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Committee working to ensure safety in all school buildings

Wednesday, December 5, 2007

The Clay Community School Corporation has taken an active approach to identifying and remedying security issues in the corporation buildings.

The Safe School Committee has met several times this year, including a June 25 meeting with Indiana Department of Education Safe School Advisor, David Woodward.

Woodward assisted in crisis plan reviews, parent notification systems, emergency dismissal policies and provided a survey for each building to complete.

Also, the committee was curious about staff in-services, and if any state money could be used. Woodard proposed a regional in-service, sponsored by the Dept. of Education. Through this suggestion, Northview High School hosted an Active Shooter Workshop by Dr. Jason Winkle on Nov. 9.

The surveys were conducted in September and October 2007 to identify safety and security weaknesses in the buildings.

"One of the best things about the survey was that it utilized parents, community members, and school corporation personnel that are not in our building on a daily basis. This brought attention some things that can be easily taken for granted on a daily basis. The survey was very detailed and in-depth, so that caused us to examine and evaluate everything regarding our school safety plans," Clay City Jr./Sr. High School Principal Jeff Bell said in an e-mail to The Brazil Times.

"You just don't go in and throw money at the problem," Director of Buildings and Grounds Tom Reberger said. Reberger said the surveys provided him with a realistic plan for improving safety.

Areas surveyed included classrooms, playgrounds, office spaces and storage and mechanical rooms.

Each school sent their findings to Clay Community School Safety Specialist Lynn Stoelting, who compiled the surveys and presented the information to the school board.

The surveys covered safety issues as well as security issues, so there were many physical and tactical remedies needed. Similar problems were found at each school.

Staff, administrators and Reberger quickly addressed issues like identifying classrooms from the outside for law enforcement, staff ID badges, signage indicating visitor parking and fixing door locks.

Reberger volunteered his copy of the completed surveys to The Brazil Times, along with comments on what had been addressed as well as what needed attention.

As an example, at Clay City Jr./Sr. High School, the survey indicated the band trailer and a few trees blocked security cameras in the back. The trees have since been trimmed, and the trailer has been moved.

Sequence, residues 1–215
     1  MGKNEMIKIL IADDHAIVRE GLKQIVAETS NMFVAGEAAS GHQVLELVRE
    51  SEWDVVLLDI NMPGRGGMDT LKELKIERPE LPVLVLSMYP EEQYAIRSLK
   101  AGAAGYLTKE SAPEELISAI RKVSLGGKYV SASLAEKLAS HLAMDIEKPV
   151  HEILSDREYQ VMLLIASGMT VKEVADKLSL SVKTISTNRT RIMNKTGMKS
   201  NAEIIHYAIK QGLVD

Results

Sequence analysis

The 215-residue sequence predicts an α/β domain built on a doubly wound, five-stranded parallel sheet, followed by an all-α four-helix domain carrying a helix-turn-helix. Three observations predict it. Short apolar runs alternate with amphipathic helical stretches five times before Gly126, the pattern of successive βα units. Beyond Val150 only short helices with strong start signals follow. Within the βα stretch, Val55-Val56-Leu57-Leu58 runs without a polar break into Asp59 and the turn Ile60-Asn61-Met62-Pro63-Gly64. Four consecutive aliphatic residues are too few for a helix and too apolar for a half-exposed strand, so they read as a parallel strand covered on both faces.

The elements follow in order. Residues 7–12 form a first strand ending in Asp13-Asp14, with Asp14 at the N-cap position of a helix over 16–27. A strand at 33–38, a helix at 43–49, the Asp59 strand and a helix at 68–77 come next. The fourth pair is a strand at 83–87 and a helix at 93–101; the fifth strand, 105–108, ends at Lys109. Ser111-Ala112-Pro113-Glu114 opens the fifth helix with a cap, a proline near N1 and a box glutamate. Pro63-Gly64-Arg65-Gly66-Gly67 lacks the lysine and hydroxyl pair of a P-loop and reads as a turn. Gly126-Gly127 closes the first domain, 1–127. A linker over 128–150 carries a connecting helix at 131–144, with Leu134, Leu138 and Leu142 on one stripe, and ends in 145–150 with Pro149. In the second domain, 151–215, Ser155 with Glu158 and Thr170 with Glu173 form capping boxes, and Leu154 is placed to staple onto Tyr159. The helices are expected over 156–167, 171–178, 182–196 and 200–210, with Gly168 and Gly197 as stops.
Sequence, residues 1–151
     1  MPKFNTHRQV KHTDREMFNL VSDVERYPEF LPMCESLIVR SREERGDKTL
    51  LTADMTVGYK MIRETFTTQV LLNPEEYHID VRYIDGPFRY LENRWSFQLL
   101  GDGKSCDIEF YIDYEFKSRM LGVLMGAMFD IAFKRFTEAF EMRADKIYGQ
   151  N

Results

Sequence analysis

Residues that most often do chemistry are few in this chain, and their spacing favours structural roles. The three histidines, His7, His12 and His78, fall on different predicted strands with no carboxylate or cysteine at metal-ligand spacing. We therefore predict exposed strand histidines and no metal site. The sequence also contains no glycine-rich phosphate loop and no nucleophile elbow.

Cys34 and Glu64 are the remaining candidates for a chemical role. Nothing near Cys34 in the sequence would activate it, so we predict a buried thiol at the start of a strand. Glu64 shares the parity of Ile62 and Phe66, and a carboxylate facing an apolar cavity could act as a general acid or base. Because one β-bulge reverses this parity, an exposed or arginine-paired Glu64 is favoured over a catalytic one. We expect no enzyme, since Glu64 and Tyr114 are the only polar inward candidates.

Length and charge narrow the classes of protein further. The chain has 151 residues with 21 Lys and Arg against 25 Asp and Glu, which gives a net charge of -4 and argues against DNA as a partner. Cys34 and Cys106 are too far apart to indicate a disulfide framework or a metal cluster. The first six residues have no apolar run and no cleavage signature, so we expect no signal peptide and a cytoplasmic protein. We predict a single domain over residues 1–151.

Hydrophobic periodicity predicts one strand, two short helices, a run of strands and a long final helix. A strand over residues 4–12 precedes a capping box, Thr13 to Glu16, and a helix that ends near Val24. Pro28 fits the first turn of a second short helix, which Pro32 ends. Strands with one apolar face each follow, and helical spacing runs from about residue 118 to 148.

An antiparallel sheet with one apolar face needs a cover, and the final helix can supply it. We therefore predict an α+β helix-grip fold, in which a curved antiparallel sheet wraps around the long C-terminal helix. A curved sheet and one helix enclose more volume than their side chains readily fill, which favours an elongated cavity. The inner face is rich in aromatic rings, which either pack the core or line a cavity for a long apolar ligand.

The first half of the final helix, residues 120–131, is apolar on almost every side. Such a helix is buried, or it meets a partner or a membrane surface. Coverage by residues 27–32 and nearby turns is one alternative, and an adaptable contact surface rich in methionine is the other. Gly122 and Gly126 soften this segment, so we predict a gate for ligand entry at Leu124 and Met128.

At the most recent school board meeting, board member Len Fischer was concerned that several classrooms in elementary schools did not have doors that could be secured during a lockdown.

Students in these classrooms, in Van Buren and Forest Park, had to be moved to the next classroom during lockdowns.

The problem originated with the classrooms being designed as "open concept" when the buildings were built in the 1950s. When the individual rooms were walled off, a 6-8 foot doorway was left open as a HVAC air return.

The open doorway was not a problem until lockdowns became procedure for emergency situations.

Immediately after the board meeting, the buildings and grounds crews began putting doors in the openings. The project should be finished during the upcoming holiday break.

Meridian, Eastside, Forest Park, Staunton and Van Buren Elementary Schools all have modular classrooms, which is a design security issue.

Other issues, like not being able to see visitors enter and exit from the office or a lack of security cameras are design problems, and must wait until a decision on a renovation plan is made.

Reberger expressed a desire to not "waste taxpayer money" by making temporary improvements that would be destroyed in a possible renovation project.

Another security issue brought up by the Safe Schools Committee is the lack of law enforcement presence on school campuses.

Clay County Sheriff's Deputy James Switzer said he'd eventually like to see an officer assigned to Northview and North Clay's campus, another to the Clay City campus and a third officer assigned to roam between the remaining six elementary schools.

Currently, officers are not assigned to any schools in the corporation.

Dep. Switzer, who was a security officer at Honey Creek Middle School, Dixie Bee and Riley Elementary Schools in Vigo County, said officer presence deters inside incidents from happening, and provides a barrier from outside issues.

The school safety committee has looked into hiring a security officer, but funding once again becomes an issue.

Dep. Switzer is not discouraged. "It is the desire of the Clay County Sheriff's Department to partner with Clay Community Schools, the administration and all staff to create a safe place for our children to learn," he said. "We have the responsibility of creating a safe place for our kids to live and learn. We have an equal responsibility as the schools."



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